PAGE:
Hi

I am sure with your experience that you would be a welcome addition in any care home. Try and talk to a few of them and also some of the staff if you get an apportunity to see who might be able to provide training and support while you develop your new career. Like You I left the world of finance behind and moved into care. After being so involved with care it would be nigh on impossible to return to the rat race and all the office twaddle of the "real world".
Hi and thanks for your advice/comments. Today I had to resign from the domicillary care agency, as time was going on I was getting more and more miserable. This was not help by one client needing me to call the paramedics. Thankfully they only spent a couple of days in hospital and then went home. However, this one incident proved to be too much for me. I am now wondering whether I can even work in the care industry. I have to work a weeks notice and then I think I will take a break and think what to do. I can't even go to the job centre now because I resigned. They don't make it easy for us carer's do they. Mind you, having visited several people living totally on their own with no visitors but carer's I am so glad I looked after mum myself. All this trouble now is worth it to know she was as happy as she possibly could be in her end years.
Hi Maureen
Sorry to hear things turned out that way. It sounds as though maybe you should have had the break first rather than doing care on top of care.
Same advice as before really, you have many skills so once you've had some time out and refocused on what you would enjoy doing, work out how your skills can be used.
I don't know what I will do when my home caring role ends. I can't imagine myself doing a full time carer job. I guess it depends a lot on finances at the end of the day and whether I'm willling or forced to downsize, or struggle to keep the house going.
When I lost my dad in 1998 after caring for him for 4 years, I found work in the care industry. It wasn't long before I was on antidepressants. It took me a good 3-4 years to build up from this low point. I've now just lost mum, after caring for her for 5 years and I won't be making the same mistake. It's very difficult. My chances of finding work are slim, not only because I've been out of the employment market, but also because I'm 62. As the end of Carer's Allowance approaches, it's tempting to apply for what seems like the only job I now have skills for and am likely to get. I want to work!!! Carers UK, why are we not campaigning for help, support and training for full-time carers after their caring duties come to an end?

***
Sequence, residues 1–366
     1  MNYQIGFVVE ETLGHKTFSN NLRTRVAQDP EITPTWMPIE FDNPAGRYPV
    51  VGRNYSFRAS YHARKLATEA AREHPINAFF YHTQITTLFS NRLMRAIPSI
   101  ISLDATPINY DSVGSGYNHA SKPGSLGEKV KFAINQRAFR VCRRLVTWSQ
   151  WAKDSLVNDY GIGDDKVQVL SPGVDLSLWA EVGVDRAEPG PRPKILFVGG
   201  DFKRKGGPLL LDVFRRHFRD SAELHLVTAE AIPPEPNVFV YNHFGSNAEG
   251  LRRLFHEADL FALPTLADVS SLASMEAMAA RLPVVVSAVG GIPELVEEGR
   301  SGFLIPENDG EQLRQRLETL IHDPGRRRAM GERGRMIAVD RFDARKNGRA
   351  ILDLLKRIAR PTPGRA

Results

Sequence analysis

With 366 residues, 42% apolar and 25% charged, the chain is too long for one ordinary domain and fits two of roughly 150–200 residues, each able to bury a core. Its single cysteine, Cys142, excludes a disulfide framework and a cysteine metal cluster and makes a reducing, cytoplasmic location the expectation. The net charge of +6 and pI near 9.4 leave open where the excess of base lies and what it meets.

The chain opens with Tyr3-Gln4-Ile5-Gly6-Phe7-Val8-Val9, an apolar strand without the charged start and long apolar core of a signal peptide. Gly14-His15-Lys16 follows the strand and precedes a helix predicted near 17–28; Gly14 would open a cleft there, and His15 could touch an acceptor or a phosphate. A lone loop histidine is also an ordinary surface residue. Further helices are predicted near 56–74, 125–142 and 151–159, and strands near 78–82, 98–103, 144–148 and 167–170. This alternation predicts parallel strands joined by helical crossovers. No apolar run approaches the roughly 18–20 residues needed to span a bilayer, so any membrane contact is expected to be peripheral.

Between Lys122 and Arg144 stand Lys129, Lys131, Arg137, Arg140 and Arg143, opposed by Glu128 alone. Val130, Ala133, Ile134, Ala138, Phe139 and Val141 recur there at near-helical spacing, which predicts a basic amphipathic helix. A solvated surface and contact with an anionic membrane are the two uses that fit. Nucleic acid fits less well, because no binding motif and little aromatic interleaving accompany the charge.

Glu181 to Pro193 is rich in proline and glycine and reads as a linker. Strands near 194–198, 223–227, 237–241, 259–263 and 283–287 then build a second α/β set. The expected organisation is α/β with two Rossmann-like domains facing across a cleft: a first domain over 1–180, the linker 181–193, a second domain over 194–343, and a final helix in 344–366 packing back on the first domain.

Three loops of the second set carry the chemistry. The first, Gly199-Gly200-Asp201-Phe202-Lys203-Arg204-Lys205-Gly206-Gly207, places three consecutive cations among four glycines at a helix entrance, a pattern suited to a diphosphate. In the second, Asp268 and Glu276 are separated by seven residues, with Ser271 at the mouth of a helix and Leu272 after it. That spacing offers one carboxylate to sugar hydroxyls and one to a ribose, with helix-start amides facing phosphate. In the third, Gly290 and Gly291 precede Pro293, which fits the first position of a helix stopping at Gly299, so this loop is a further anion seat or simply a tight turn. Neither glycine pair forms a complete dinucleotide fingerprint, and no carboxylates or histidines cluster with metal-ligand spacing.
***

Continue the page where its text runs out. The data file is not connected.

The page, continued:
Pam, hi - I suspect your post would benefit from being in a thread of its own - maybe you could repost it as a new discussion? Maureen's thread is pretty old now, and I feel your addition is a bit 'lost'?? Just a thought!

How very sad that you have now lost your mum -but how fortunate she was to have you to the end, and I hope her passing was 'peaceful'. But it's never easy, never, to lose a parent, however old we are ourselves. We still feel 'orphaned'.

The point you raise is a very pertinent one, isn't it? It was something that the government raised a while back, or something like that that - I can remember a news story about it and some discussion in the press, that family carers, when they are 'free' (!!!) from their own family carees, should then take on professional care work.

I do remember at the time how absolutely incensed I was! I'd only just emerged from having had to cope, completely unexpectedly, with my MIL with increasing dementia, and caring for her had completely eaten my life, shocked me rigid, and made me utterly furious with the situation! I was her sole carer - her surviving son lives in the USA - and it all fell to ME. And I did not no not want it to! So to me, the in a way very practical suggestion that former family carers use all the skills they've developed looking after their own family members, to work professionally, just hit a red spot in me.

My reaction was 'Dear God, isn't it bad enough our lives were eaten having to look after family, but now we have to look after other people's families as well????!!!'

Yet, of course, for some it's a very sensible option. I think it really depends on how we took to family caring. I took incredibly badly - but then it was my MIL (now in a home for dementia), not my own mum, and I acknowledge I might have felt very differently if it were my mum. (I'm v. fond of my MIL, had an excellent relationship with her all my life, no friction at all....but....no heartstrings. So what I could (maybe!) have given up for my own mum, I really resented to for my MIL, who had become totally 'helpless' in her life, and needed/wanted me 24x7 just about).

I do hope that you find the employment you want, that is right for you, and that your current bereavement heals better than when you lost your father. These times are never, never easy, even when death was a 'release' for the parent concerned.

Kind wishes, at a difficult time for you, Jenny
My husband and I have had almost 31 years of caring for our disabled son and if anything (god forbid) happened to him they can get stuffed before we go and work in the lack of care industry. We've seen too much from the other side of it and we have done it for the majority of our lives now. When will it be OUR time? As my husband says he wants nothing to do with any of it - disability issues - anything. He wants to have (finally) time for us. 34 years of marriage and we can count one two hands the time we have had that.

Eun